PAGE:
Create Your Own Wikipedia Tome
Step 1: The Discovery
It was a complete accident that I found Wikipedia's book creator feature. I was looking at a Wikipedia page I'm embarrassed to mention. Alright, I'll mention. It was Hilary Duff's Wikipedia page. I have this problem where I attribute a lot of Hilary Duff's great work to one Avril Lavigne, and vice-versa. If either of those young ladies are reading this article, I deeply apologize. You're both really great at...you're not the same person.
After answering some of my burning questions (Is Hilary Duff Avril Lavigne? Are you sure?) I scrolled deeper into Duff. I wondered, if there's this much info, how many references were used to build this page, this treasure trove of information? 149 if you're curious. If you're curious about how that scales, Ernest Hemingway has 201, Ernest Borgnine has 27, and Jim Varney, who played Ernest in the Ernest Goes to... movies has 16. Joseph Conrad, who isn't named Ernest, has 48. The man who wrote Heart of Darkness has 101 fewer references than Hilary Duff, the woman who wrote elixir.
While I paged through other famous artists in order to make myself sad (Melville: 120, Denis Johnson: 22, Mary Oliver: 11), I saw this little chunk in the column off to the side.
I had side-by-side Wikipedia windows of Hilary Duff and Joseph Conrad. Rather than provide a reason for clicking on the Create a Book link, I'll just say that there were damn few reasons not to click anything at this point.
The link took me to this page, where you can add pages to a book and order a printed copy! An actual, printed book for people to read.
The collector side of me rejoiced. This part of me that was dormant for a long time, since the days when I gathered and sorted baseball cards, including a cherished card featuring a topless Kirby Puckett. The collector in me loved the idea of this new type of collection, this new form of curation. The eclectic side of me was pumped too. The more ridiculous side that put X-Men cards, Nintendo cards, and Desert Storm cards in the same album alongside the scantily-clad Mr. Puckett. Both sides of me met, shook hands, and then did an adult version of shaking hands that I won't get into here. It was an exciting moment. Like my hero John Hodgman, and like a bunch of people who were my enemies and designed the terrible textbooks that were slapped together in order to prevent sane people from finishing college, I was going to put together my own book, My own miscellany.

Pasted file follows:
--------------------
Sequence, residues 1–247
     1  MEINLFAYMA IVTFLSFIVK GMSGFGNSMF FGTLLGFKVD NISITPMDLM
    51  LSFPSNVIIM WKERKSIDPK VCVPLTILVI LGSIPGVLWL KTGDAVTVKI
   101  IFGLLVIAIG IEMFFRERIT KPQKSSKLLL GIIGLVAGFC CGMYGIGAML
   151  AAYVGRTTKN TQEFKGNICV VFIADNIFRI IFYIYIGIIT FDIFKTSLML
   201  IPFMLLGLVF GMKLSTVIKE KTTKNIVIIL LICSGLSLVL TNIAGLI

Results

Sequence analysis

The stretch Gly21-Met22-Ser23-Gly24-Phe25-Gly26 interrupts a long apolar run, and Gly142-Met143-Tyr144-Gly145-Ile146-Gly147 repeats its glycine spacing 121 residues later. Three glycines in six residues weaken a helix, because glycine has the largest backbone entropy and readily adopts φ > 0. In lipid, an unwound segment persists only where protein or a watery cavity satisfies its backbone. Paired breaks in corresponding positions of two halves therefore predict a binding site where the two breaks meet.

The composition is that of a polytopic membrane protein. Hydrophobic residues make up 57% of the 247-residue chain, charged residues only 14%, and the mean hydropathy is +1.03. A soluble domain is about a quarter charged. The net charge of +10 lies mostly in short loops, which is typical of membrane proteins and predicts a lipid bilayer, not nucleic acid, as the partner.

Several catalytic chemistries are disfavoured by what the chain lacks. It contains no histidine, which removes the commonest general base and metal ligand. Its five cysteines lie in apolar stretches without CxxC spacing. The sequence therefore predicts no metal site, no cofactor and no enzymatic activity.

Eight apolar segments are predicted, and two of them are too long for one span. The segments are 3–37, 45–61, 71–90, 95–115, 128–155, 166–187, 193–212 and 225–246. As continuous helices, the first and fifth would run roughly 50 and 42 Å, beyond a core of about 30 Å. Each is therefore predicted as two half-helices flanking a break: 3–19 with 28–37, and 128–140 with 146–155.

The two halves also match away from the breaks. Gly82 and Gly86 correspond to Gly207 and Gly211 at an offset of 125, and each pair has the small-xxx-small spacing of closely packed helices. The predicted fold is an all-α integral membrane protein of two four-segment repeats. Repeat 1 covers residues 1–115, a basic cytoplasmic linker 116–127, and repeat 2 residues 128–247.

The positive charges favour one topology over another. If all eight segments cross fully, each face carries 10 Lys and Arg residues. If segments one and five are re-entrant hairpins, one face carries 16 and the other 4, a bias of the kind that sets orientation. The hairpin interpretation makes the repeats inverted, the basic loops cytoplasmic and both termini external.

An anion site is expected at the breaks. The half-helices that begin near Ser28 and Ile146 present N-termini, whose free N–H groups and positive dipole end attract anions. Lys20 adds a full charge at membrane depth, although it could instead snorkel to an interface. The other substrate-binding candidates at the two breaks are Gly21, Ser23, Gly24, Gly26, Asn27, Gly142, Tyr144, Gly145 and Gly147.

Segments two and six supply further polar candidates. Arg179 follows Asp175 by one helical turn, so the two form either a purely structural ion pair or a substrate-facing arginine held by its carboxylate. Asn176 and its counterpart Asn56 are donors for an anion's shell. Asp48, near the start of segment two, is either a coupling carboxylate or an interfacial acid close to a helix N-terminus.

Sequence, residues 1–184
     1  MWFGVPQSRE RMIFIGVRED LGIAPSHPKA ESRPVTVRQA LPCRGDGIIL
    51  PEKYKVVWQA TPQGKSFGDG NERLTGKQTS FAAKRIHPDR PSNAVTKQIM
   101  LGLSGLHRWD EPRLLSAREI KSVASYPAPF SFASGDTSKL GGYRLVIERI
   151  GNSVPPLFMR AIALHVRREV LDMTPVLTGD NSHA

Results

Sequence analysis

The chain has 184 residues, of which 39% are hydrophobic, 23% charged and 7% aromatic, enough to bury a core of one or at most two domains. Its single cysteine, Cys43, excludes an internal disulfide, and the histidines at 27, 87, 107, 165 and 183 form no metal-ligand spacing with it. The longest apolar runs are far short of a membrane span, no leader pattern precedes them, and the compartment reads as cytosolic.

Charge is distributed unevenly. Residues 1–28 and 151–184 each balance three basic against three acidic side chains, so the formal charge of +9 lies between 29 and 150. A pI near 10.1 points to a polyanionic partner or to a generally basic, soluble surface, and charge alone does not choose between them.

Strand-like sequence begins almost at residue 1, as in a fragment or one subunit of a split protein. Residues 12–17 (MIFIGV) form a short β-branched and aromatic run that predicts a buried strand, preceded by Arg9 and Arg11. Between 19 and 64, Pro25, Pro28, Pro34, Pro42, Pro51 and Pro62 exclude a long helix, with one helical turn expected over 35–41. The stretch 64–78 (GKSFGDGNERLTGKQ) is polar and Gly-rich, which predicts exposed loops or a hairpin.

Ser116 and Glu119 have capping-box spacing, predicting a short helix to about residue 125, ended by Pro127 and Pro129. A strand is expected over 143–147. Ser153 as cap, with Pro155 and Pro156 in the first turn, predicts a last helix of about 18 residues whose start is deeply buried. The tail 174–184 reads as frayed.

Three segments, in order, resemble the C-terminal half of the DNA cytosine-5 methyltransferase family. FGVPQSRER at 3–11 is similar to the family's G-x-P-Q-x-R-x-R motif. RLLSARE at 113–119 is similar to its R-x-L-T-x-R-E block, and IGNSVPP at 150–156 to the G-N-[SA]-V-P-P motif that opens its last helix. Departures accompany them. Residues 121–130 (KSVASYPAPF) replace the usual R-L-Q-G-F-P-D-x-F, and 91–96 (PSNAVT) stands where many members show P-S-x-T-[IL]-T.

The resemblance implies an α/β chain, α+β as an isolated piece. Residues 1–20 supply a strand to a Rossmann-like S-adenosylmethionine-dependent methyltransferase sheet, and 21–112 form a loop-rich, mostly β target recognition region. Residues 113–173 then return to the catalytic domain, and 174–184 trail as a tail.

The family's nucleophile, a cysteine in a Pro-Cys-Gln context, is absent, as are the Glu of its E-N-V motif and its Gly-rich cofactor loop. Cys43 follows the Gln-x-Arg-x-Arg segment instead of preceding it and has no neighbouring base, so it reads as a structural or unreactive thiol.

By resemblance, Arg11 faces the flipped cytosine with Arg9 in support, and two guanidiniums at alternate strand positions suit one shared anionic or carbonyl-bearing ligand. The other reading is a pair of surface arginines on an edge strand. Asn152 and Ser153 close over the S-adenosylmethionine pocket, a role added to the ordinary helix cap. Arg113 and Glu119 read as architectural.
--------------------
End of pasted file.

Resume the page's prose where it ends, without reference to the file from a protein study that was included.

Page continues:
Who's writing history now, David Kennedy, author of that damnable The American Pageant textbook?
Step 2: What? Why?
You might not be like me. You might not be the kind of person who delights in the thought of cramming a bunch of insane Wikipedia articles together into a bizarre mish-mash and then giving them out to friends and family for Christmas. You might not be a person who spends a lot of time looking at the lives of former Disney stars on Wikipedia. I can acknowledge that there might be some weirdos out there who don't care about the marital status of Hilary Duff. Wait, no. Avril Lavigne. Either.
So why would you want to make your own Wikipedia tome?
PediaPress, the company behind the endeavor, uses the example of someone creating a gift for a friend who is sailing around the world. You could make this friend a book about the places she'll see, the history of sailing. You could give someone traveling a long way in a harsh environment a piece of print material to ruin. This is an opportunity not to be missed!
In this scenario, I would advise that, in addition to destinations and sailing techniques, you also add some terrors of the sea. Maybe Sloane's Viperfish or a nice Anglerfish will do. Let's face it, if I'm sitting at my desk while my friend is sailing around the world, I'll sleep better at night knowing I've introduced some terror into her life.
Just in case your friends aren't jerks who sail around the world, I have some other possibilities:
You can make a point like a real ass.
Ever had an argument where you were right? And now you're looking for a great way to continue rubbing it in someone's face? How about a printed book?! The recipient is sure to remember whether Avril Lavigne or Hilary Duff is responsible for "sk8r boi" after receiving a handsome volume about the two stars and their various discographies. That's the last Hilary Duff reference, swear to god.